From Rebecca Gallo…
Depending on who you’re dealing with, providing biographical details when talking about an artist’s work has varying degrees of relevance. In Aleks Danko’s case, that he was born in Adelaide in 1950 to Ukranian refugee parents provides a vital context for the art he has made over the last 50 years. The epitome of Australian suburbia in which Danko grew up is a significant theme in his work, and his ability to utilise the suburban vernacular to comment upon it is a unique feature of that insider-outsider status conferred upon the first generation in any new country. Danko’s wry humour, persistent throughout his work, can also be traced to his parents, along with the experience of internalising English as a second language, with all its quirks and absurdities.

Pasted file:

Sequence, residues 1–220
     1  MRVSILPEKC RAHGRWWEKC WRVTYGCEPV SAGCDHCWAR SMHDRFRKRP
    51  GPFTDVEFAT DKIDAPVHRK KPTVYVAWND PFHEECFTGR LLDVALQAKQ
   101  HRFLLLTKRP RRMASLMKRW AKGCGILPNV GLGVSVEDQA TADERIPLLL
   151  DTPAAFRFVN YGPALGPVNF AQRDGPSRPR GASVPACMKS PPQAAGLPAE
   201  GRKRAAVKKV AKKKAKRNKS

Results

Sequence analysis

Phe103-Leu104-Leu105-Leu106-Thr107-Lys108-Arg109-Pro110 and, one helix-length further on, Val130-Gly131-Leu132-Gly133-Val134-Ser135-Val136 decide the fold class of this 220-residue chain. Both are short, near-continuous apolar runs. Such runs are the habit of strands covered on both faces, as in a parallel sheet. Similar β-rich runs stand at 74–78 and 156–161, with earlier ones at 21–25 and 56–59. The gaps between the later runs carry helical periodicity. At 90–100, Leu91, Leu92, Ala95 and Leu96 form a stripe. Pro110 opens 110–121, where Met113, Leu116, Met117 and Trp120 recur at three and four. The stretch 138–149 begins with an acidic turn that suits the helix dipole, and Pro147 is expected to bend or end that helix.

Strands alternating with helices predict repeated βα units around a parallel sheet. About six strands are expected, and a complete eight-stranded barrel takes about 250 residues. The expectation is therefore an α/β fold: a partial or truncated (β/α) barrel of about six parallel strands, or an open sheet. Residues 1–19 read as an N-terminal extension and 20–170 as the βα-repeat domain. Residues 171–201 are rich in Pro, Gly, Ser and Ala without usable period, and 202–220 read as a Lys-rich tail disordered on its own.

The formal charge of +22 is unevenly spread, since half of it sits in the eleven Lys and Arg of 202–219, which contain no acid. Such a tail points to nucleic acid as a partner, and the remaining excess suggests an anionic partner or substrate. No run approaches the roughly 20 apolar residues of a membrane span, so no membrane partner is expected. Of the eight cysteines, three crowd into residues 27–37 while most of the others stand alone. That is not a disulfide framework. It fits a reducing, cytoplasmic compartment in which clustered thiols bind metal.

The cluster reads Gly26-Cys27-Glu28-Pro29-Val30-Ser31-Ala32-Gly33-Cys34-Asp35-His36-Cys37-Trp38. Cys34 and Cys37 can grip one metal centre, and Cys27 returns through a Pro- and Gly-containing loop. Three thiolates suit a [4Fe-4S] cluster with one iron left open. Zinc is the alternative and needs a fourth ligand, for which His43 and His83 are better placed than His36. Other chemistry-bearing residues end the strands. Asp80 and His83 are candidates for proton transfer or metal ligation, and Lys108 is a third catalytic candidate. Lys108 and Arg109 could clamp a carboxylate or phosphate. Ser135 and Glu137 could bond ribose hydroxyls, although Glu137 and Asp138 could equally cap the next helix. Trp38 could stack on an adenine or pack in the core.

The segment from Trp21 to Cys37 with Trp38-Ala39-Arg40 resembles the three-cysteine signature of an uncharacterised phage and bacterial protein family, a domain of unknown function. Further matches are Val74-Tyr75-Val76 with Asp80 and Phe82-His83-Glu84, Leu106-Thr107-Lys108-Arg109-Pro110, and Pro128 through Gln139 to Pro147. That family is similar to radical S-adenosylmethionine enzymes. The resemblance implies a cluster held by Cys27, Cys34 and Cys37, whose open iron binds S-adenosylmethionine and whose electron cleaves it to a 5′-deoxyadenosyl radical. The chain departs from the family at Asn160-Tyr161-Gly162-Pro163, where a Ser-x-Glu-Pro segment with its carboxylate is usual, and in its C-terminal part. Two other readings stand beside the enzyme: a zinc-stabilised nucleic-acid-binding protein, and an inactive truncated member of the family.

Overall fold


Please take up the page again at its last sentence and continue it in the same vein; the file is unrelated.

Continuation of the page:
MY FELLOW AUS-TRA-ALIENS at the MCA is a survey of works on paper, sculpture, text and installation that gives an insight into five decades of Danko’s art. Blank red ‘idiot’ faces, a recurring simple house motif and concrete poetry are all explorations of everyday places, people, words and objects. By simplifying them to the point of archetypes, Danko reveals absurdities, glitches and inconsistencies in that odd concoction of slang, colonialism and provincialism that is widely considered to comprise contemporary Australian culture.
Until October 18
Museum of Contemporary Art Australia, The Rocks
Pic: Aleks Danko, MY FELLOW AUS-TRA-ALIENS, installation view, Museum of Contemporary Art Australia, 2015. Image courtesy the artist and Museum of Contemporary Art Australia. © the artist. Photograph: Jessica Maurer.